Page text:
Home help

How to tackle a never ending mountain of housework on top of your day job.


When you get in from work put your shoes away on their rack/in their box/in the cupboard and either dump your dirty clothes in the laundry basket or hang your suit up. It sounds obvious but stripping down and leaving your clothes and bags strewn all over the place is an invite for a floordrobe and will lose you time scavenging the following morning. For those used to spending the rest of the evening in your workwear – try changing into something more comfortable and hanging your outfit up. This will take some of the creases out or give you more time to clean it for the next day.

If you’re trying to take out some creases in your shirts then throwing them in the dryer on a speed cycle with some ice cubes will release just enough steam to smooth things out. If you’re really short on time then hanging your shirt/dress up in the bathroom whilst you shower will also steam out some creases.

preparation makes things run smoother in the morning

Laundry day

We have got into the habit of washing our clothes midweek. The idea of spending my weekends or a rare free day doing laundry and housework fills my heart with dread. If you live in a well sound-proofed flat then you should take advantage of running a wash cycle overnight and hanging the clothes up first thing in the morning. This means that the wash is working whilst you sleep and it’s not left too long to gather that horrible damp smell. One of the best tips my mother gave me was to wait until the clothes were bone dry before folding them away. Woe betide those who fold away damp clothes. If you don’t have a balcony or garden to hang the clothes out to dry then leave them in a room with the window open to allow the air to circulate and to get rid of any potential dam smell. Make sure the clothes aren’t too near to the kitchen, so that they don’t pick up any cooking smells or musty smoke.

remember to wash on the cold cycle!


We don’t have a dishwasher and I’m convinced that getting one would solve 90% of the arguments I have with my partner. Alas, we are living in rented accommodation and can’t install one. So, to make do with traditional washing at the sink tasks we have a couple of rules which might work for you too. 1) DO THEM IMMEDIATELY. The below image is tells a sad tale of what happens when you have friends round for dinner + not doing the dishes the morning after + leaving sticky foods like porridge and cereal to bowls. Just get them done as soon as you’ve finished eating. Then you can relax and not have to pick up the chore later (and it really is a chore). When cooking, clean as you go, don’t have any “dead time” where you’re just waiting for the food in the over to be ready, make sure you wash the utensils and pots once you’re done with that section of the meal. If you have friends round, I tend to boil a kettle and pour the hot water into sticky pots and pans to soak, so even if I’m not getting around to cleaning straight away the job is easier when I eventually get there. 2) Use as few pots, plates and utensils as possible. I you can double up cooking veg in the same pot (mixing carrots and peas etc.) then do so. Likewise for serving on plates – think more platter style where you can throw different foods together. This tip will also encourage people to eat a wider variety of foods at your table as it will be mixed in together.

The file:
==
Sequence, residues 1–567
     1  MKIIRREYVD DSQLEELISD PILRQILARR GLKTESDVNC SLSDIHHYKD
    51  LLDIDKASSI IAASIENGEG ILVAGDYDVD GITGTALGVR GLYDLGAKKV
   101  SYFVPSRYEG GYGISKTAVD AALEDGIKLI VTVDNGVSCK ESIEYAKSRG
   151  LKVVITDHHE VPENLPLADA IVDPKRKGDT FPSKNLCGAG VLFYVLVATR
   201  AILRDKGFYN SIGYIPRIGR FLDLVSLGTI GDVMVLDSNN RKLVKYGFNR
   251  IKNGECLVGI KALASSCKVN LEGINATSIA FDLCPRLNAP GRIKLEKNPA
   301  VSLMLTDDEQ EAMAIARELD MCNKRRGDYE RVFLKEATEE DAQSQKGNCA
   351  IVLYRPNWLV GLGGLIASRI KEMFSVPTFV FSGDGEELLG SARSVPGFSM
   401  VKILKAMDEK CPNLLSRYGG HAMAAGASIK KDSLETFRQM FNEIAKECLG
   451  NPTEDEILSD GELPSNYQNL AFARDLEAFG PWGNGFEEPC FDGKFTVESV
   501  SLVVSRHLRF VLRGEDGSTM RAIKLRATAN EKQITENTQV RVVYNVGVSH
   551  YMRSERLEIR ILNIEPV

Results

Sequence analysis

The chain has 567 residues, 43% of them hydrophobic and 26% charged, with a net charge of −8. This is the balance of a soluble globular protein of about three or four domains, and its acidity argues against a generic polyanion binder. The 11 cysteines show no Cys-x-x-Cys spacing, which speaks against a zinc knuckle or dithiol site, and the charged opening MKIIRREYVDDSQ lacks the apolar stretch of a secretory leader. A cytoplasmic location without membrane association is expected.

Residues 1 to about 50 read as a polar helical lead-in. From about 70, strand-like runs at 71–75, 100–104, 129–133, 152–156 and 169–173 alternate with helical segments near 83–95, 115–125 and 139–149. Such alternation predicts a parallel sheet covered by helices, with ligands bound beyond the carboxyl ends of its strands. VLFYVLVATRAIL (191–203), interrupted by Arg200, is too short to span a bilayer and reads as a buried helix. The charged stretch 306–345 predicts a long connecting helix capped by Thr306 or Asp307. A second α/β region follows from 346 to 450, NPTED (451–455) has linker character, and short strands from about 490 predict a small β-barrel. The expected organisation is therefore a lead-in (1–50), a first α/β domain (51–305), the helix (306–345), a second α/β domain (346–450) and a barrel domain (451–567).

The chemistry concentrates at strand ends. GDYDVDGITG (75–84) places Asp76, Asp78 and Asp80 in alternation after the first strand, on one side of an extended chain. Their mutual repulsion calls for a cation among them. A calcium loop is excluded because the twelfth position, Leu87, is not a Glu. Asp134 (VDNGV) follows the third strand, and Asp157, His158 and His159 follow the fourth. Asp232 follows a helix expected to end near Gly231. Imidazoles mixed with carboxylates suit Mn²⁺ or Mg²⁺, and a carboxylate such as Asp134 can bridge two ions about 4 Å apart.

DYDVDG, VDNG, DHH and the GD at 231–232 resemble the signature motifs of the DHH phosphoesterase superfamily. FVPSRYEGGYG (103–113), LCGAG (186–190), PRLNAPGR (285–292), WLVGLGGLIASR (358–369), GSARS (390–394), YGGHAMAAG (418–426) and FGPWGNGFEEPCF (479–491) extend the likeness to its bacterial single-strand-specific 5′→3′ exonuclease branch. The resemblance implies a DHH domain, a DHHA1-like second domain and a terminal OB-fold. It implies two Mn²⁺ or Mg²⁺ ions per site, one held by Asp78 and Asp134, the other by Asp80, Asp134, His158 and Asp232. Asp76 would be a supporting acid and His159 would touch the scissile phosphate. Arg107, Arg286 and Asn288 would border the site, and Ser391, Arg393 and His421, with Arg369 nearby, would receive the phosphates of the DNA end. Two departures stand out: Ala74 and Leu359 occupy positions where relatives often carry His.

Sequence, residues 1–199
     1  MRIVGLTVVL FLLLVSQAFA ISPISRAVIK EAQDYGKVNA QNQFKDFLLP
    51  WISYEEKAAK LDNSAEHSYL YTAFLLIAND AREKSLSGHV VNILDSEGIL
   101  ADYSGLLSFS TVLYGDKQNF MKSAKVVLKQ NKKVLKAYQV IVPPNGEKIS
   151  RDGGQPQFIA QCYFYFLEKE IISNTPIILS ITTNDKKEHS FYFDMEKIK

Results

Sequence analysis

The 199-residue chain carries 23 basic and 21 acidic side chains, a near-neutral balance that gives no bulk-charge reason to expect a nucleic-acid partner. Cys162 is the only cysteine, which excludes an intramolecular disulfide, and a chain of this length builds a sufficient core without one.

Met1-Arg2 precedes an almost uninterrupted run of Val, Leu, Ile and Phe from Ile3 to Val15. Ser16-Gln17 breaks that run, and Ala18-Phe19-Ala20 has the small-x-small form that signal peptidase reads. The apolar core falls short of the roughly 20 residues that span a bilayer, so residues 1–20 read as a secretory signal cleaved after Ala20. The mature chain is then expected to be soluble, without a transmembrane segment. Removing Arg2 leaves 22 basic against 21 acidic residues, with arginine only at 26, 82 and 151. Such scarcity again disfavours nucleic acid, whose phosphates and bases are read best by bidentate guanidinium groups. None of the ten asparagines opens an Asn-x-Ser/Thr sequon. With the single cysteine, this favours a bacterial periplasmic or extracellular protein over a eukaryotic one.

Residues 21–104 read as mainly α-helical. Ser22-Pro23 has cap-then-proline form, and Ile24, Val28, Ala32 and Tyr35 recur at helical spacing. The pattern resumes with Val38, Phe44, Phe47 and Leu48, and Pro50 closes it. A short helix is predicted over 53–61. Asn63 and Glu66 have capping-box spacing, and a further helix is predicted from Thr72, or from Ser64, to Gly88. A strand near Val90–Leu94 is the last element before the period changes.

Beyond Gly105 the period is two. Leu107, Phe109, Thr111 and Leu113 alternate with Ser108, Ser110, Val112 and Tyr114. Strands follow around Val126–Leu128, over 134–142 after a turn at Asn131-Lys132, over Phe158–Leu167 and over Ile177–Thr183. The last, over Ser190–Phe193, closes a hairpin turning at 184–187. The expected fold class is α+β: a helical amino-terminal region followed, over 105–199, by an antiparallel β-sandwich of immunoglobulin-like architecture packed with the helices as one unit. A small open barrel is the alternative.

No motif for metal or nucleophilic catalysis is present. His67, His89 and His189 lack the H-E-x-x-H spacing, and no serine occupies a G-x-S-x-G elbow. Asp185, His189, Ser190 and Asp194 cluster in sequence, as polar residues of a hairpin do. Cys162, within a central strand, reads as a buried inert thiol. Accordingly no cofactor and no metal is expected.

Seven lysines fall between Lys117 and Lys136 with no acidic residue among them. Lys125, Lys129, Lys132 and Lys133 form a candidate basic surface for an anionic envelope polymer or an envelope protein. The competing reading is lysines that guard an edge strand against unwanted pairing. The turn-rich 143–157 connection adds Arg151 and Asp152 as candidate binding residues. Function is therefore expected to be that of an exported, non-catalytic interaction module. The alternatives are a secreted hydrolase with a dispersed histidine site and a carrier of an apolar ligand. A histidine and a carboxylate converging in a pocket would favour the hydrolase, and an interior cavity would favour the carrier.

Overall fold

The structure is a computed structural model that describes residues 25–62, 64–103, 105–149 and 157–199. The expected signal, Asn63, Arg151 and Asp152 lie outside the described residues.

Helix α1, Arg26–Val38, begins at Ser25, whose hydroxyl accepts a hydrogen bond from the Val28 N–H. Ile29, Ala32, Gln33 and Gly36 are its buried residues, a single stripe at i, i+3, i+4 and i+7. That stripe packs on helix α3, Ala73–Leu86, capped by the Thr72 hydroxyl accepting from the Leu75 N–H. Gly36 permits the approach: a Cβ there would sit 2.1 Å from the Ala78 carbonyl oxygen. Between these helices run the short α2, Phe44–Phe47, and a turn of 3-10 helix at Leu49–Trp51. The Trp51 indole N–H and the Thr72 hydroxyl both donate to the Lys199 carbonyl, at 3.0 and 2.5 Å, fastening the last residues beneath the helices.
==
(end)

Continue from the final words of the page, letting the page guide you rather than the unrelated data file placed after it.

warning: explicit content


I have to confess that hoovering is probably my favourite household task. It makes such a difference and you get instant, visible results. I would guesstimate that I hoover about 3-4 times a week (which even I find excessive) but we are living in a rented flat and the flooring is just the worst to keep clean. You can still make things easier for you with this task by taking your shoes off at the door – think Japanese living! This stops you dragging muck throughout the home and keeps things tidy – see point above about workwear. Limiting your eating places to one or two areas of the home also helps. This stops crummies being dispersed all over your floors. I know exactly where the messiest places are and where I need to pay close attention to hoovering. The kitchen floor, just under the chopping board and bread bin and the ‘favourite’ corner of the sofa where countless TV snacks and game foods are consumed. These are the only 2 places were we’ve agreed eating and making a mess away from the dining table is ok. Otherwise, we’d spend a lifetime hoovering up all over the place. Also, as an aside, try not to eat in bed – I know it’s really good when you’re hungover or feeling under the weather but there’s nothing worse than biscuit crumbs under the duvet and ketchup stains on your blanket. We also bought a cordless hoover recently = game changer. It’s super fast, got great suction and you’re not hampered by the distance of a cord. I’m not going to recommend any particular brand in this post because there are so many good vacuum cleaners out there for a variety of budgets but make sure you get a really lightweight one which picks up dirt and hair really well.

Do you have any tips for making household task less of a chore? Or are you a weirdo like me and enjoy hoovering?